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Key Takeaways

  • Accused convicted under Section 326 of IPC for causing grievous hurt.
  • Supreme Court said that when giving punishment, the aggravating and mitigating factors of the crime have to be considered.
  • Court cannot ignore brutality even if compromise is reached between the accused and victim. Giving punishment is at the heart of the criminal justice delivery system.

Facts of the Case

  • The victim was attacked by the appellant who gave a blow using a sword on the victim’s right leg. He also suffered a blow to the right arm which was detached. The injuries left the victim in a critical condition and the medical professionals stated that the only thing that could make the victim survive was his strong will.
  • The accused were convicted under Section 326 of IPC, which addressed voluntarily causing grievous hurt. On appeal to the High Court, the Court found the appellant guilty.
  • On appeal to the Supreme Court, the victim and the appellant filed a compromise affidavit, stating they have settled their dispute in an amicable manner and the incident was a mere misunderstanding.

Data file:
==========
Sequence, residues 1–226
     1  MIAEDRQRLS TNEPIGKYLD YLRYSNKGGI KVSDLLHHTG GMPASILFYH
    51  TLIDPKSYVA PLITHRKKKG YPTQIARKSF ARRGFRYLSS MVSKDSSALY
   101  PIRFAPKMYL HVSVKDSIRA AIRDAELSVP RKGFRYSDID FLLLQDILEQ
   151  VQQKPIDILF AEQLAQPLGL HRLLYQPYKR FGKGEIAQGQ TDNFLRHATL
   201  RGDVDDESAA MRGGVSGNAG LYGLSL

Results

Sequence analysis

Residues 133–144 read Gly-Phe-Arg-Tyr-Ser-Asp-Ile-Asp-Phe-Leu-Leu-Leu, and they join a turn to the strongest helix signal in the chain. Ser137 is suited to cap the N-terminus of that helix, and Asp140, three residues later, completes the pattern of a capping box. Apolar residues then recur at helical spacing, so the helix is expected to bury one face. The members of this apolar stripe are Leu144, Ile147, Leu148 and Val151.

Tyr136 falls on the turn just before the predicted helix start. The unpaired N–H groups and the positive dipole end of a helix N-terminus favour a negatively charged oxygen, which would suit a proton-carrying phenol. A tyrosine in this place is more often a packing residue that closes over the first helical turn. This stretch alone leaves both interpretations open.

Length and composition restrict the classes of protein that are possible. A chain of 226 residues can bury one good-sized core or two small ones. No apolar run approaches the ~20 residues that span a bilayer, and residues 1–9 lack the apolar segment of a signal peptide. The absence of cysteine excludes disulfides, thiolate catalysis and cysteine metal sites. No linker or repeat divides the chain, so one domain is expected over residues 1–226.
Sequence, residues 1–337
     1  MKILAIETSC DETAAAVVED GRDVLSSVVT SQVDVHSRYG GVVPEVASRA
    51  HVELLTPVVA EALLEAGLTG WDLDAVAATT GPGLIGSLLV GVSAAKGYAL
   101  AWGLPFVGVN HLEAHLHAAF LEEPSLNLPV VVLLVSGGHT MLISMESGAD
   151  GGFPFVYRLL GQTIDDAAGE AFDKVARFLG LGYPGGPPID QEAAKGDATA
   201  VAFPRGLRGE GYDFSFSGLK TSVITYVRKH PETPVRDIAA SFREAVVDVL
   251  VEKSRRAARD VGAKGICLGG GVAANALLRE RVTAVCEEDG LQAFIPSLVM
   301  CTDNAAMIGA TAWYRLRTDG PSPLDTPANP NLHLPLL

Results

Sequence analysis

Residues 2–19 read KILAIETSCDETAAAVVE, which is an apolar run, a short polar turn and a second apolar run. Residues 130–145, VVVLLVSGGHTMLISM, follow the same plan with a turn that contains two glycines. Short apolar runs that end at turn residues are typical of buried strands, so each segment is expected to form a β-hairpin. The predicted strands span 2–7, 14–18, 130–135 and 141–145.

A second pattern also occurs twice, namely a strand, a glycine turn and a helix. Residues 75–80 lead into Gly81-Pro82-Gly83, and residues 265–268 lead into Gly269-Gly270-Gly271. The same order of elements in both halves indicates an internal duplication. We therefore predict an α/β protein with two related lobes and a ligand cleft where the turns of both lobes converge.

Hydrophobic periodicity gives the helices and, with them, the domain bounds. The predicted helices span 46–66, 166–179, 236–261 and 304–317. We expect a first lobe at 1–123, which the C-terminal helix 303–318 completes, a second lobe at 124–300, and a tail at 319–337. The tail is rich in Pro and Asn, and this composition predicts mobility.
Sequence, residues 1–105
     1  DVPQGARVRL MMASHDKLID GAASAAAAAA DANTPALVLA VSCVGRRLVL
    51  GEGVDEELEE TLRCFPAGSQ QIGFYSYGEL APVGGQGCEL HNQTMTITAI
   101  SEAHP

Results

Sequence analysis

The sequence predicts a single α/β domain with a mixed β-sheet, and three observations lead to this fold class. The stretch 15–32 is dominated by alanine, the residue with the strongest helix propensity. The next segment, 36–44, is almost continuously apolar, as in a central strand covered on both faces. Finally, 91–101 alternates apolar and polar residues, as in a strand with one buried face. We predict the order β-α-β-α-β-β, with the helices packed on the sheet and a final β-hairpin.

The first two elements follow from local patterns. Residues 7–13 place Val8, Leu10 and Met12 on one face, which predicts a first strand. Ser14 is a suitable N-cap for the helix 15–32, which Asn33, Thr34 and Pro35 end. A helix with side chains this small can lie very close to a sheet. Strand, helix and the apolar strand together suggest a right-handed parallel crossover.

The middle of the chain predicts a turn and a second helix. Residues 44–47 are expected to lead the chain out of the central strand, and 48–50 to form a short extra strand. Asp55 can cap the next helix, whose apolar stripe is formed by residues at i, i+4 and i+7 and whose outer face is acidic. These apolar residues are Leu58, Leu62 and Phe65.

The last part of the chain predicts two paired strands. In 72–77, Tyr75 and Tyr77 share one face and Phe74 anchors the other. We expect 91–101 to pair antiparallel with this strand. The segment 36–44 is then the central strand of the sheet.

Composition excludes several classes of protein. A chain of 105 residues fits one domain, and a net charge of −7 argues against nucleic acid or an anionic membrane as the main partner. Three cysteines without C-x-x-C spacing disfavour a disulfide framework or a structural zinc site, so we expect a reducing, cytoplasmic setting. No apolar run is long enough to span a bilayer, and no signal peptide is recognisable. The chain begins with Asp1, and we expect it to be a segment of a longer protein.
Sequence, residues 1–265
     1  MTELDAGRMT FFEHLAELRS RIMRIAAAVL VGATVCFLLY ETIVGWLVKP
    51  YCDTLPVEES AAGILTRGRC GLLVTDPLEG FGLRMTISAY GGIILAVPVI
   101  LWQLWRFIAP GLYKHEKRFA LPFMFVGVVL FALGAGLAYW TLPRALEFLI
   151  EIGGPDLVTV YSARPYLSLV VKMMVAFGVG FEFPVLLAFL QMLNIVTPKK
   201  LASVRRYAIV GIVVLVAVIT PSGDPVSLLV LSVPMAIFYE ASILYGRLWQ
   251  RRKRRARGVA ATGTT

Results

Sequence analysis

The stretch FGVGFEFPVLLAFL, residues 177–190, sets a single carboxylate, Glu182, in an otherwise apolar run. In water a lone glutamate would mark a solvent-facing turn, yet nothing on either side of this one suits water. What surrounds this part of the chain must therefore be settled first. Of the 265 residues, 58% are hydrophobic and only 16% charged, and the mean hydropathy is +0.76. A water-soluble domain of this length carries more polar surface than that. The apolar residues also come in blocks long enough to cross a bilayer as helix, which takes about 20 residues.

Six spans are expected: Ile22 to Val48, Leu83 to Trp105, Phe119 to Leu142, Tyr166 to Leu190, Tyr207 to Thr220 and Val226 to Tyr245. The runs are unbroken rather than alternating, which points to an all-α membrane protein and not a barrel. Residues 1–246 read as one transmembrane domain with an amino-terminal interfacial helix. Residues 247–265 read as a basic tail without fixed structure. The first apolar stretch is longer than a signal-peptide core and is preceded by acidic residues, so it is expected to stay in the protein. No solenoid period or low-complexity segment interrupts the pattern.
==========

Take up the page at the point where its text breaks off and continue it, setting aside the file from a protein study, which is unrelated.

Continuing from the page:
Judgement

  • The Supreme Court however did not give a benefit from the compromise. It stated that the appellant has been rightly held guilty for offence under Section 326 IPC
  • The Court observed that when awarding a sentence, the “aggravating and mitigating factors and circumstances of which the crime has been committed are to be taken into consideration and to be delicately balanced on the basis on relevant circumstances.”
  • Further the Court believed that it could not ignore brutality, as it was not simply a crime against the individual but against the society as well, and had to be addressed sternly. The Court stated “Giving punishment to the wrong doer is at the heart of the criminal delivery system.”
  • Here the comprise entered could not be considered alone and other aggravating circumstances have to be considered when awarding punishment, and in the present case, this is the suffering caused to the victim.
  • The appeal was dismissed.

Questions

  • Did the Supreme Court agree with the decision of the High Court?
  • What were the aggravating and mitigating circumstances to be considered in the case, when awarding punishment?
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